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18F-FDG PET/CT may be a suitable method for preoperative diagnosis and evaluation of Chinese older patients with hilar cholangiocarcinoma

Contributed equally
BMC Geriatrics201818:150

https://doi.org/10.1186/s12877-018-0846-8

Received: 1 February 2018

Accepted: 25 June 2018

Published: 6 July 2018

Abstract

Background

As the most common cholangiocarcinoma, hilar cholangiocarcinoma (HCCA) is a challenge in hepatobiliary surgery and causes a very poor prognosis. This study was designed to explore whether 18F-fluorodeoxyglucose positron emission tomography/computed tomography (18F-FDG PET/CT) may be a suitable method for preoperative diagnosis and evaluation of Chinese older patients with hilar cholangiocarcinoma.

Methods

This study enrolled 53 patients (≥ 65 years) with HCCA. 18F-FDG PET/CT scan was performed in all patients within one week before operation.

Results

18F-FDG PET/CT identified the tumors in all patients (100%). There were 48 patients (90.6%) with the same Bismuth-Corlette classifications determined by 18F-FDG PET/CT and operative pathology, whereas Bismuth-Corlette classifications of 5 patients (9.4%) were underestimated by 18F-FDG PET/CT compared with that determined by operative pathology. 18F-FDG PET/CT identified 19 patients (sensitivity: 67.9%) in 28 patients with lymph node metastases, and 22 patients (specificity: 88.0%) in 25 patients without lymph node metastases, with an accuracy of 77.4%. 18F-FDG PET/CT identified 8 patients (sensitivity: 47.1%) in 17 patients with liver, peritoneal or other distant metastases, and 35 patients (specificity: 97.2%) in 36 patients without liver, peritoneal or other distant metastases, with an accuracy of 81.1%. 18F-FDG PET/CT identified 17 patients (sensitivity: 73.9%) in 23 patients with unresectable tumors, and 24 patients (specificity: 80.0%) in 30 patients with resectable tumors, with an accuracy of 77.4%.

Conclusions

18F-FDG PET/CT may be a suitable method for preoperative diagnosis and evaluation, and offer valuable information for effective operation in Chinese older patients with HCCA.

Keywords

Chinese older patients 18F-FDG PET/CTHilar cholangiocarcinomaPreoperative evaluation

Background

As the most common cholangiocarcinoma, hilar cholangiocarcinoma (HCCA) involves common hepatic duct, bifurcation of common hepatic duct, and left and right hepatic ducts [1]. HCCA is a challenge in hepatobiliary surgery, and often has unsatisfactory operative results [2]. In China, its incidence has been growing year by year, and accounts for 40–60% of cholangiocarcinom with an incidence of 0.01–0.20% in postmortem examination [3]. It occurs more commonly in older patients, and causes a very poor prognosis [4]. Older patients with HCCA have no only worse general condition and more prevalent co-morbidity, but also more complex anatomical structure and metabolic status [4]. Thus, HCCA is more difficult to be diagnosed and removed in older patients [5]. Preoperative diagnosis and evaluation can play crucial roles in improving operative success rate and five-year survival rate in older patients with HCCA [6]. Although imaging methods, such as abdominal ultrasound, computed tomography and magnetic resonance imaging, have noninvasive advantage, they do not fully meet the need of preoperative diagnosis and evaluation in older patients with HCCA [7].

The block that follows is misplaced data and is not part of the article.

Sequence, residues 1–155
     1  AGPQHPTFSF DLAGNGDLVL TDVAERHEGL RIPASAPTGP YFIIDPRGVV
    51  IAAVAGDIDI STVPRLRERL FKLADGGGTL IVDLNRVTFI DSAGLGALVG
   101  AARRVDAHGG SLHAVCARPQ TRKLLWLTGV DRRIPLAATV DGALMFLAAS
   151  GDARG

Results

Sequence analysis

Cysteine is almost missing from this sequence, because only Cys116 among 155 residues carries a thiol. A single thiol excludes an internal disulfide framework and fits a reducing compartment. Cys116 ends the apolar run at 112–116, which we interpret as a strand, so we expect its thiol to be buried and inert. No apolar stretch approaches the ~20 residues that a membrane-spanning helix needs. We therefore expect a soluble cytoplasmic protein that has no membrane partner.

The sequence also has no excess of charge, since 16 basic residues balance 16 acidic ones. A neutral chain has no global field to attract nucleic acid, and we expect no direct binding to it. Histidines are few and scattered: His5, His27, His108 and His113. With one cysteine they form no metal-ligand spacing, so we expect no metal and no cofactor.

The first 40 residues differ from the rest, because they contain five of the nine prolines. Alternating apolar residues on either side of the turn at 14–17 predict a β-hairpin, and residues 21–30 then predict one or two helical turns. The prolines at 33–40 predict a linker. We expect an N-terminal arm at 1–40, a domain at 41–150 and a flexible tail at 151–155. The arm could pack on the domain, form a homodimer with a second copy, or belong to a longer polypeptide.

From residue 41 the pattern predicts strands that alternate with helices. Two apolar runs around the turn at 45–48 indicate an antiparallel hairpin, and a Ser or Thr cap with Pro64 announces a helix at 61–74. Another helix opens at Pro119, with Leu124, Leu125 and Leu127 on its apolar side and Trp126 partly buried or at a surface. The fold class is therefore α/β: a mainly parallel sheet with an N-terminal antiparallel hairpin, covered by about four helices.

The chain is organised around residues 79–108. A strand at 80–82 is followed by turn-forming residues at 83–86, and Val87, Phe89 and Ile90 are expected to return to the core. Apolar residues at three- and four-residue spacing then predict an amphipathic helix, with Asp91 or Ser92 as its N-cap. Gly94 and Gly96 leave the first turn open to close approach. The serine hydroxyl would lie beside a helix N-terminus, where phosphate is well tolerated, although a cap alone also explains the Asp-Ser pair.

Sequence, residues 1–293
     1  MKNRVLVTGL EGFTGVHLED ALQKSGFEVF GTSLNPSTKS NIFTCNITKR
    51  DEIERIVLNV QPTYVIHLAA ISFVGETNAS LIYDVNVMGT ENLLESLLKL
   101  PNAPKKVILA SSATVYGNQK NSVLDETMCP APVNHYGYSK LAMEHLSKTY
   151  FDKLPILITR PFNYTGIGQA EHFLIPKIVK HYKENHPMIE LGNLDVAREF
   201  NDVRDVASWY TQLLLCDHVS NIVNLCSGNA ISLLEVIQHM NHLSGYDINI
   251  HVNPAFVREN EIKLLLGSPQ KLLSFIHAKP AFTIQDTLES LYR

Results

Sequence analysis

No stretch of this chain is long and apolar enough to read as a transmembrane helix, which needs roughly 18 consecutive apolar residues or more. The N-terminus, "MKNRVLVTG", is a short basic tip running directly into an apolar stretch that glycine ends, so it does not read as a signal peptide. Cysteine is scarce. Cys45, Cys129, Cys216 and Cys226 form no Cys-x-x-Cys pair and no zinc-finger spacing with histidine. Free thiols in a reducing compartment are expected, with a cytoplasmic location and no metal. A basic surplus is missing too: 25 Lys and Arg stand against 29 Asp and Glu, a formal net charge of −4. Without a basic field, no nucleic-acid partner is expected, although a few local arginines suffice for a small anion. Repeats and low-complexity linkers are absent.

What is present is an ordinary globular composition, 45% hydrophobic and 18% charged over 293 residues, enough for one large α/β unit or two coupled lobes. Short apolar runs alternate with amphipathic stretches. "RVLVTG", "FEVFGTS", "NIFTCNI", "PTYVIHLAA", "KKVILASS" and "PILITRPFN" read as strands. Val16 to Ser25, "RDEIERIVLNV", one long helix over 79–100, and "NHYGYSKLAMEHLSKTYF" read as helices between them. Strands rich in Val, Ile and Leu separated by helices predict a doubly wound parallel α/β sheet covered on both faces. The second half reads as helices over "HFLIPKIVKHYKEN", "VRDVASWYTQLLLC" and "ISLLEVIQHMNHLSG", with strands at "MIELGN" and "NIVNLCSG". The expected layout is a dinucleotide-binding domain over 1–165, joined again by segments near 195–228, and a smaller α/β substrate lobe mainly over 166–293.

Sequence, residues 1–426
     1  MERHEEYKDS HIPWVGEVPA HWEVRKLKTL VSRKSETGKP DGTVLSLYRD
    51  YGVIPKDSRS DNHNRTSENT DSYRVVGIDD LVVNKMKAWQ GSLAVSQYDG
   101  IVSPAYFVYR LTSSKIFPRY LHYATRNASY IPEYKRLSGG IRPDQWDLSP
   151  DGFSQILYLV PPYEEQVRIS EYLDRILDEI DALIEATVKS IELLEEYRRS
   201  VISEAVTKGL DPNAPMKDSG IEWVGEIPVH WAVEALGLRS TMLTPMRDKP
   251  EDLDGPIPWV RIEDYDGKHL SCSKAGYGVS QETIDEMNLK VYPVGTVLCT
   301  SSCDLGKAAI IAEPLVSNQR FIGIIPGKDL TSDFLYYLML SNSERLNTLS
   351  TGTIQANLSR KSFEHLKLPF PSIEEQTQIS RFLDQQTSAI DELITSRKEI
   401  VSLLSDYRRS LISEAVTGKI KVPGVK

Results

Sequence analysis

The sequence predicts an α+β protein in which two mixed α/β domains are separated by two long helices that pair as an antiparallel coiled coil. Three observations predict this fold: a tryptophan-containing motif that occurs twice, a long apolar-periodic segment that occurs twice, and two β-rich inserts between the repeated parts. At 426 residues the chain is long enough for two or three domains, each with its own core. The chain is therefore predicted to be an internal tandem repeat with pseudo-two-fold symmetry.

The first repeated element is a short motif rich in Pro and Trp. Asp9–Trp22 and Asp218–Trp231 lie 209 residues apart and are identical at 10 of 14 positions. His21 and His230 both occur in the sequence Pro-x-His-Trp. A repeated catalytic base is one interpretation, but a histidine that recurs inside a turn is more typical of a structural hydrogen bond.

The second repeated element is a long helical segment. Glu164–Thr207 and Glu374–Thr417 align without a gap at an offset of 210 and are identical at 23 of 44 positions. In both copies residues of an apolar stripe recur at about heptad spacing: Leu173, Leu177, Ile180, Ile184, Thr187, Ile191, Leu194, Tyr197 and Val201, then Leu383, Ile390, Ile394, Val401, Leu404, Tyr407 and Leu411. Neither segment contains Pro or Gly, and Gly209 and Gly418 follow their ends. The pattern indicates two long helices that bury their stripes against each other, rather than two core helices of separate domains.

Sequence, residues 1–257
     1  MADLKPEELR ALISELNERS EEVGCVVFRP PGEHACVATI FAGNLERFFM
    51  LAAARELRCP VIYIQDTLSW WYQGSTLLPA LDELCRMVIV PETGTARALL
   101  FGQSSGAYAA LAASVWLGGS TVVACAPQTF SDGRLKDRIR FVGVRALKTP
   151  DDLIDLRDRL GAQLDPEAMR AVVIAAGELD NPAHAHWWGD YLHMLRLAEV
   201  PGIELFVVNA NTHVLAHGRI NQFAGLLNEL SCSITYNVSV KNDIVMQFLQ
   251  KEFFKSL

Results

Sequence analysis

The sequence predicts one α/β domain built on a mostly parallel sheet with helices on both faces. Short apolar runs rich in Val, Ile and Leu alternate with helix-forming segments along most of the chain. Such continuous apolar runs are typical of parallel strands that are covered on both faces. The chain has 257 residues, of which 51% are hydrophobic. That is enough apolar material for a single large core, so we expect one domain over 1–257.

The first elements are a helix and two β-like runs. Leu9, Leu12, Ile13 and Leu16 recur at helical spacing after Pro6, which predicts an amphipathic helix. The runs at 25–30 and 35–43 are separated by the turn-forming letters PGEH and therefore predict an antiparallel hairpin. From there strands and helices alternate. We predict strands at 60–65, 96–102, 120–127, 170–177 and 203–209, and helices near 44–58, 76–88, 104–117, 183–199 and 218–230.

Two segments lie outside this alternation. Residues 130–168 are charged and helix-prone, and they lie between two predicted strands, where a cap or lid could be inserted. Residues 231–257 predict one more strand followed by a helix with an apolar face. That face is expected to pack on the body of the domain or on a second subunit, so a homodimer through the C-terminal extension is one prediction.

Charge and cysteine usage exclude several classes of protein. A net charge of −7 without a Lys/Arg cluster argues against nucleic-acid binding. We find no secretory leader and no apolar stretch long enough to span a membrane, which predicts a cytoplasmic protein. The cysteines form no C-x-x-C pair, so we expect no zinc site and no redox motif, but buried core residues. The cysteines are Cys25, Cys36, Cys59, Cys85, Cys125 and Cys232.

18F-fluorodeoxyglucose positron emission tomography (18F-FDG PET) has been valuable in providing significant tumor-related metabolic information that is critical to diagnosis [8]. 18F-FDG PET/computed tomography (CT) is a unique combination of the cross-sectional anatomic information provided by CT and the metabolic information provided by PET, which are acquired during a single examination and fused [8]. As a non-invasive method simultaneously offering anatomical and functional images, 18F-FDG PET/CT has the potential to achieve preoperative diagnosis and evaluation of older patients with HCCA [9]. However, there are limited studies analyzing these roles of 18F-FDG PET/CT in Chinese older patients with HCCA [10]. Aim of the present study was to explore whether 18F-FDG PET/CT may be a suitable method for preoperative diagnosis and evaluation of Chinese older patients with HCCA.

Methods

Patients

The present study enrolled 53 patients (≥ 65 years) with HCCA in Jining No.1 People’s Hospital from December 2011 to May 2017. HCCA was diagnosed by clinical appearance and operative pathology. 18F-FDG PET/CT scan was performed in all patients within one week before operation.

Pet/CT

Patients were injected with 18F-FDG (5.55 MBq/kg) and scanned by Siemens Biograph 64 high definition PET/CT. Scanned area ranged from the skull base to the upper femur. All images were reconstructed by Ordered Subset Expectation Maximization, and analyzed by radiologist with full experience. Standardized Uptake Value maximum (SUVmax) levels were measured from the region of interest in 18F-FDG PET/CT image, and local SUVmax levels × 2.5 were applied to decide the local radioactive concentration [8]. 18F-FDG PET/CT identified primary tumor, lymph node and distant metastases based on the local radioactive concentration, and operative pathology determined these lesions as the gold criteria [8].